The edgy EgoPo theater company is revisiting a classic with “Uncle Tom's Cabin: An Unfortunate History.” Director Lane Savadove hopes the audience leaves the play with a new take on Harriet Beecher Stowe's novel — and on the character of Uncle Tom.
“The judgment about the novel came mostly from the vaudeville performances of the book,” says Savadove. “Minstrel versions started to appear and white actors played the part of black characters in black face and the story became racially regressive.”
The phrase “Uncle Tom” evolved into a slur for a person — especially someone black — who’s overly subservient and submissive.
“To be an ‘Uncle Tom’ is somebody who acts how the white man wants him to act,” Savadore says. “That makes sense in the vaudeville performances, but that did not come from the novel. He is a Christian martyr. He stands up to the most evil man in the novel and he is willing to give his life and does give his life for his ideals and his values.”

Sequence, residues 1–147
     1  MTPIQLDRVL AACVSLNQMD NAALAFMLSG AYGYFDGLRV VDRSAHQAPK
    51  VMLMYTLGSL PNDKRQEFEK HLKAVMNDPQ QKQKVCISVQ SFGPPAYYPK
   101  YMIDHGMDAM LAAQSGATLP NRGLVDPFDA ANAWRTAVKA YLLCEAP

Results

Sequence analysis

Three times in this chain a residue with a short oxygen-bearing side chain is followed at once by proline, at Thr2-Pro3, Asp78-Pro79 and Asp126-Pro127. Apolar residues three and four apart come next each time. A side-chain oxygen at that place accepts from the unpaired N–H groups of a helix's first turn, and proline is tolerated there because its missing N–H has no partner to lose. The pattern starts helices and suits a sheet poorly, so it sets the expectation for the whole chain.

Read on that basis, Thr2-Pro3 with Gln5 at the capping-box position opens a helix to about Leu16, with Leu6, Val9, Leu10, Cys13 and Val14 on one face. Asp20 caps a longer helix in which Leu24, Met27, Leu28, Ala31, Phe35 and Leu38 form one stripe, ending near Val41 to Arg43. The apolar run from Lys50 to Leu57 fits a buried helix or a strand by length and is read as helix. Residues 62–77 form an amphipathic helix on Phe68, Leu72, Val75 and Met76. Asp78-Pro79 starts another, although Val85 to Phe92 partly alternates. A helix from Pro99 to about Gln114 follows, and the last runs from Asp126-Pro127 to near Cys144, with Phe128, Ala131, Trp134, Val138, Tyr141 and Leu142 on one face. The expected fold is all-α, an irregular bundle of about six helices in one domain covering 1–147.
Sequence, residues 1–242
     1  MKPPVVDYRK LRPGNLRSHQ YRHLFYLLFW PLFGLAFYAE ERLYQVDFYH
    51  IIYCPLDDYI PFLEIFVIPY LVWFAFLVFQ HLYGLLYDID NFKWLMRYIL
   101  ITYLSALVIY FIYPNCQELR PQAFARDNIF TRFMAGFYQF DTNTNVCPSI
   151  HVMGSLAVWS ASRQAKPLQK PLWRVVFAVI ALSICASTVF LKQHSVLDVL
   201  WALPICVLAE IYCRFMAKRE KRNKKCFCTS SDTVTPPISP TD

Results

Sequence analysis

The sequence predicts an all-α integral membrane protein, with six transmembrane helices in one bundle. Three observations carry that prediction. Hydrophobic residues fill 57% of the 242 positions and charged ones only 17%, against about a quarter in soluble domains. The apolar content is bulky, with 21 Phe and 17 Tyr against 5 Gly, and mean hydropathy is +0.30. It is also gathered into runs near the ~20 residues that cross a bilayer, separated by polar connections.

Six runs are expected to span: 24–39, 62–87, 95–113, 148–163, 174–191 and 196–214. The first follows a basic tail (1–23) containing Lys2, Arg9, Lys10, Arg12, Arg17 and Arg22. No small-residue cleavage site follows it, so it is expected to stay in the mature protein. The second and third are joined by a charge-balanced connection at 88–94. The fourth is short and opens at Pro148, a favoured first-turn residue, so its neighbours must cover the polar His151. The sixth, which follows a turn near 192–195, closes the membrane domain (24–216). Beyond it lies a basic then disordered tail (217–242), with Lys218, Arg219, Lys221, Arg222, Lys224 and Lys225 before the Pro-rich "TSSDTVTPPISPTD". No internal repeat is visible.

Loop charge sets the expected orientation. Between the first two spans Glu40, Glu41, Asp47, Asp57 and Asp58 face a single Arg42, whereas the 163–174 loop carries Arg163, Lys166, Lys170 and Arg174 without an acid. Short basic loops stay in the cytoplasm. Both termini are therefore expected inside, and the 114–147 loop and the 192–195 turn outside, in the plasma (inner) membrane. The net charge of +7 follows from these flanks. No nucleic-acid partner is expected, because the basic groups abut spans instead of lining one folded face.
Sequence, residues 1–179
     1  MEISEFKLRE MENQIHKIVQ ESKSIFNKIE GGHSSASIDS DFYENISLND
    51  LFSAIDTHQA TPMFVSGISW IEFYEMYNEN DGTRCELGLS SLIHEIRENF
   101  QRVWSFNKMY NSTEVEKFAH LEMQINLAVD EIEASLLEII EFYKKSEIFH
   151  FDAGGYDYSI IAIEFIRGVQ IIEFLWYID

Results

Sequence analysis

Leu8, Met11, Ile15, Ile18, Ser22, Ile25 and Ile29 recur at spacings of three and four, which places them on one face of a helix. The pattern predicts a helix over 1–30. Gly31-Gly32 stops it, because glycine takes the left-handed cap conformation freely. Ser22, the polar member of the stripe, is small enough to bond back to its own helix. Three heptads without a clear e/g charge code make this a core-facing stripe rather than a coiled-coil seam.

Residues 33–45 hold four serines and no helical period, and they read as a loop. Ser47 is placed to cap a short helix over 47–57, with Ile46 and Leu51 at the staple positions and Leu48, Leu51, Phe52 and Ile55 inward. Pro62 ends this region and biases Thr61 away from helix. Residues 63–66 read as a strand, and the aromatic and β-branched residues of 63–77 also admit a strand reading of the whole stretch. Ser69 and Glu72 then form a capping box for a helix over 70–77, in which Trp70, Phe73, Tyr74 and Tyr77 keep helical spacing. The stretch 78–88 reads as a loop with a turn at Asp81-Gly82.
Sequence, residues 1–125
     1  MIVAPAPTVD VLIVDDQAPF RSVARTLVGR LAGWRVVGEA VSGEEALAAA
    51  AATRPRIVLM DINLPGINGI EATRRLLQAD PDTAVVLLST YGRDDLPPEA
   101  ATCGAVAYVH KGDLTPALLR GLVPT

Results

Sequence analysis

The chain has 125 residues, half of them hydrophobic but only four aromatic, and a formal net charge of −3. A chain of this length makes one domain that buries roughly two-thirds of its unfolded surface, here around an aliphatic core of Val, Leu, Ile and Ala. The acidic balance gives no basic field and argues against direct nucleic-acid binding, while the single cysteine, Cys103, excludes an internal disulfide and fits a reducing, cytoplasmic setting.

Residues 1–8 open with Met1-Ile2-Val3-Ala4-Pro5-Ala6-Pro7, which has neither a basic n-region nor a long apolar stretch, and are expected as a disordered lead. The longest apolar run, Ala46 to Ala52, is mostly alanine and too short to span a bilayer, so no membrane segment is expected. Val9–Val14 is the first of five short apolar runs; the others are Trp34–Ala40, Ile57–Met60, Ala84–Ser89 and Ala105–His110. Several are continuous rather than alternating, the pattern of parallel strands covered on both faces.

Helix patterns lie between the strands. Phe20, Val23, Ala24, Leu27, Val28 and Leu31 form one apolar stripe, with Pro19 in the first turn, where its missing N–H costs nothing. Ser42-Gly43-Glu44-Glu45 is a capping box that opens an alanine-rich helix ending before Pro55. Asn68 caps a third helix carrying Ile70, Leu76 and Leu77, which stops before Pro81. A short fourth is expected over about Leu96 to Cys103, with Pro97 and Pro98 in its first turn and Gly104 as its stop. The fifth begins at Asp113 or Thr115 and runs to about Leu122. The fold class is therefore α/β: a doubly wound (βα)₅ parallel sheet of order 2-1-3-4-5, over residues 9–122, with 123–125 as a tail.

“Any idea that Uncle Tom is weak is not true,” he adds.
Due to its numerous stagings during the vaudeville era of the late 1800s and early 1900s, “Uncle Tom’s Cabin” is the most performed work of American theater, according to Savadove. The novel itself is credited with helping to end slavery.
“I went back and I read the original novel, which I had never read, and it was amazing — suddenly it was this fantastic piece of American literature,” he says. “America had to change its very DNA for there to be racial harmony. Stowe was dreaming of a fully integrated post-racial society.”
The EgoPo staging of “Uncle Tom's Cabin: An Unfortunate History” opens this week at Plays & Players Theatre, closing out a season of vaudeville-themed works. The production is cross-racially cast, with white actors playing slaves and black actors playing slave masters.
“We want to wake up history a little bit,” Savadore says.
If you go
“Uncle Tom's Cabin: An Unfortunate History”
May 31-June 9, 8 p.m.
Previews May 29-30
Plays & Players Theatre
1714 Delancey Place
$20 to $32